Deputy News Editor
Protestors are demanding that the U.K. has no involvement in any potential U.S. retaliation in Iran.
Approximately 200 people gathered on the Buchanan Gallery Steps on Monday to protest the United States's assasination of Iranian senior military general Quassem Suleimani.
The protest was organised by the Stop the War Coalition, an anti-war campaign which formed in 2001 following former President George W. Bush’s announcement of the “war on terror."
After U.S. airstrikes killed 24 members of an Iranian-backed militia at bases in Iraq and Syria on 29 December, pro-Iranian militia members burned the U.S. Embassy's reception area and imprisoned American diplomats inside for over 24 hours.
In retaliation on 3 January a U.S. drone strike hit two cars carrying Mr. Suleimani and several officials with Iranian-backed militias as they were leaving the Baghdad International Airport.
Protesters chanted in the rain against President Donald Trump's military actions and called for peace in the Middle East. The protesters were also concerned that the U.K. may get involved if there is any further escalation.
Several politicians and anti-war activists made speeches to voice their concerns. Glasgow MSP Pauline McNeill spoke at the protest and expressed her concerns over the lives that will be lost and her anger at the British foreign secretary, Dominic Rabb, for not condemning the U.S.’s actions.
McNeill said: "As a Scottish politician, I do not want the U.K. to be part of this reckless American policy. There can be no good outcome.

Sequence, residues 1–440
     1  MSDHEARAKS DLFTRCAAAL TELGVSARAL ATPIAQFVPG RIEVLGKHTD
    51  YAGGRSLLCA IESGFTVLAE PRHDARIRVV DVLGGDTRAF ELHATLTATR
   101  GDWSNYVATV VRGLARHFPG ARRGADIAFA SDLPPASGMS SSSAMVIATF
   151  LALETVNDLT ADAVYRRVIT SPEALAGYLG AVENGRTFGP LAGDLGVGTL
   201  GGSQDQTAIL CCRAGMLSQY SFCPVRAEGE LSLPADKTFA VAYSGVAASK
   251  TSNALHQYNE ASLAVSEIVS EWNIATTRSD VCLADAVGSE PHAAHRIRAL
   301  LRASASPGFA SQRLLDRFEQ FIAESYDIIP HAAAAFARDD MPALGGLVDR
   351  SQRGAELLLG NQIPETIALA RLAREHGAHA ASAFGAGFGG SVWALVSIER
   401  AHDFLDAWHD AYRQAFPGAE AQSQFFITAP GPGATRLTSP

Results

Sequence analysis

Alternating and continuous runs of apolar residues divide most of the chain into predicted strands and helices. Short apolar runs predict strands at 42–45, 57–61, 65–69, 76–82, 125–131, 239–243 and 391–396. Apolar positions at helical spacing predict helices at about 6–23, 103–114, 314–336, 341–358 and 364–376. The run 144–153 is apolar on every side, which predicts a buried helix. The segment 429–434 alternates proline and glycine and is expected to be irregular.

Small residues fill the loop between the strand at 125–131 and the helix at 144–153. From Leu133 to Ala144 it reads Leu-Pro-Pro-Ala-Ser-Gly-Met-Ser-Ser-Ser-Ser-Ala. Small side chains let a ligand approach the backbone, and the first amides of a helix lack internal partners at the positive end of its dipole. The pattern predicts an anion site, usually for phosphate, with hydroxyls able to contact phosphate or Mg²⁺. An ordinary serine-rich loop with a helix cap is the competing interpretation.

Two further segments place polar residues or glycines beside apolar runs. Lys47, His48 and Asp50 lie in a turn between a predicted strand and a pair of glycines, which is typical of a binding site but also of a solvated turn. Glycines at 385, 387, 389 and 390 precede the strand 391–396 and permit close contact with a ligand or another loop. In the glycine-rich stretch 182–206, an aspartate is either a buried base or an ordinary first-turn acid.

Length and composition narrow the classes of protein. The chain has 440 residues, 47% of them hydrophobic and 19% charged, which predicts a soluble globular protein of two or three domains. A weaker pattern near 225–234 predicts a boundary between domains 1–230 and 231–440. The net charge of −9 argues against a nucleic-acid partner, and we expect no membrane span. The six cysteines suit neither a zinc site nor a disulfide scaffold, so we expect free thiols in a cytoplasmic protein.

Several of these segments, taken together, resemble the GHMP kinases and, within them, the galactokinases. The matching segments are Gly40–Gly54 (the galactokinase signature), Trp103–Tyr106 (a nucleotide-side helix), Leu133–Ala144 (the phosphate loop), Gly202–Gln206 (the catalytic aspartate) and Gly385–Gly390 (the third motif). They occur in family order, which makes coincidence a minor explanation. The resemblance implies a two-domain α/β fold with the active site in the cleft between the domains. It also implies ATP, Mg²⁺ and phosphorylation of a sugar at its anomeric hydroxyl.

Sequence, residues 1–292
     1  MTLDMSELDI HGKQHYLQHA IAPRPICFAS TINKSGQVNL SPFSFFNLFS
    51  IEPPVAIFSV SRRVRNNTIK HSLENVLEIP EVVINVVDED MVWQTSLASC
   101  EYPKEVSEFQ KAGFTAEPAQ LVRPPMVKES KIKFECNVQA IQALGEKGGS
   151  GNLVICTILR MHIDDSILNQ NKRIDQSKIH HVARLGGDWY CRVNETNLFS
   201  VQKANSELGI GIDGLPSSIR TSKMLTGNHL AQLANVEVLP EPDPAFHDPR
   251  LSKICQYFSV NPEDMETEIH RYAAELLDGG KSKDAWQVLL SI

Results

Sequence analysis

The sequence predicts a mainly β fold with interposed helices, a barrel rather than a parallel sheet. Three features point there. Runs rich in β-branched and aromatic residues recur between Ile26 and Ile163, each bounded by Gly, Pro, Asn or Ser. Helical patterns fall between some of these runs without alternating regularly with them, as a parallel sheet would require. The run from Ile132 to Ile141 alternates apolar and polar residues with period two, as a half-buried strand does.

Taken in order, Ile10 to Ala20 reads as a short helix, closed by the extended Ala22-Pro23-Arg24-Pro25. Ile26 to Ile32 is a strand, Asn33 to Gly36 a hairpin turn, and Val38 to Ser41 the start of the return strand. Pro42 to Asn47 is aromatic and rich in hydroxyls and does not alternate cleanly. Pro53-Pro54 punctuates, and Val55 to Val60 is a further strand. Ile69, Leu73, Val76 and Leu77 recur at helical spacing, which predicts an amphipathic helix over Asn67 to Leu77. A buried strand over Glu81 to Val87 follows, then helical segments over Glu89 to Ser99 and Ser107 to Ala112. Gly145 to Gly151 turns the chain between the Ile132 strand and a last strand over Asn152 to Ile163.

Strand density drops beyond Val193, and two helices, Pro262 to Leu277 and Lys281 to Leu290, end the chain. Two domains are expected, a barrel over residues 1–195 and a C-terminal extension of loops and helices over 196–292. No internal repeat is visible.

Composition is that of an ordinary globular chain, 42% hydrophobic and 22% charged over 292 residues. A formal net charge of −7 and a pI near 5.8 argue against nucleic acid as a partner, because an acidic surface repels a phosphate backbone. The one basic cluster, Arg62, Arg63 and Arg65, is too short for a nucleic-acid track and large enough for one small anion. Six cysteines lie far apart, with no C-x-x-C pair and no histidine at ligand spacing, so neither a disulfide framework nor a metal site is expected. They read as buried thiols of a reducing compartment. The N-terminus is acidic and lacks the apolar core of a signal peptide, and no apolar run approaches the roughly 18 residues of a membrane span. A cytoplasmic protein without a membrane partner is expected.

"We stand here saying there will be no war with Iran; that the U.K. should not stand with America on this reckless policy. We will not be part of it, and we will speak out.
“The foreign secretary was an idiot in what he said on [Andrew] Marr – that he would set-out to de-escalate. Sorry, it’s too late. You have already been part of this dangerous, dangerous policy.”
Addressing the crowd, Jonathon Shafi, an anti-war activist, argued that Scotland must not be part of any U.S. war campaign.
Shafi said: “Here in Scotland we have to say that we will have nothing to do with any conflict in Iran. We will have nothing to do with the arms manufacturers who make it possible to bomb people from thousands of miles away. We will have nothing to do with jets and planes stopping at Prestwick Airport, stopping to be refuelled on their way to bomb innocent people.
“We will say loudly and clearly that Scotland opposes Trump, opposes US and UK intervention and stands for peace.”
During the demonstration, one masked man set a “Trump doll” on fire and placed it on the steps. The fire lasted several minutes before the toy had completely burned away.
The organisers said this was only the first protest and that there will be more to come in the form of national demonstrations.
Iran fired more than 20 ballistic missiles on Tuesday in response to Suleimani's death at military bases in Iraq where American troops are based. President Trump later said in a State of the Nation that he would impose more economic sanctions on Iran, moving away from his claim of destroying Iranian cultural sites.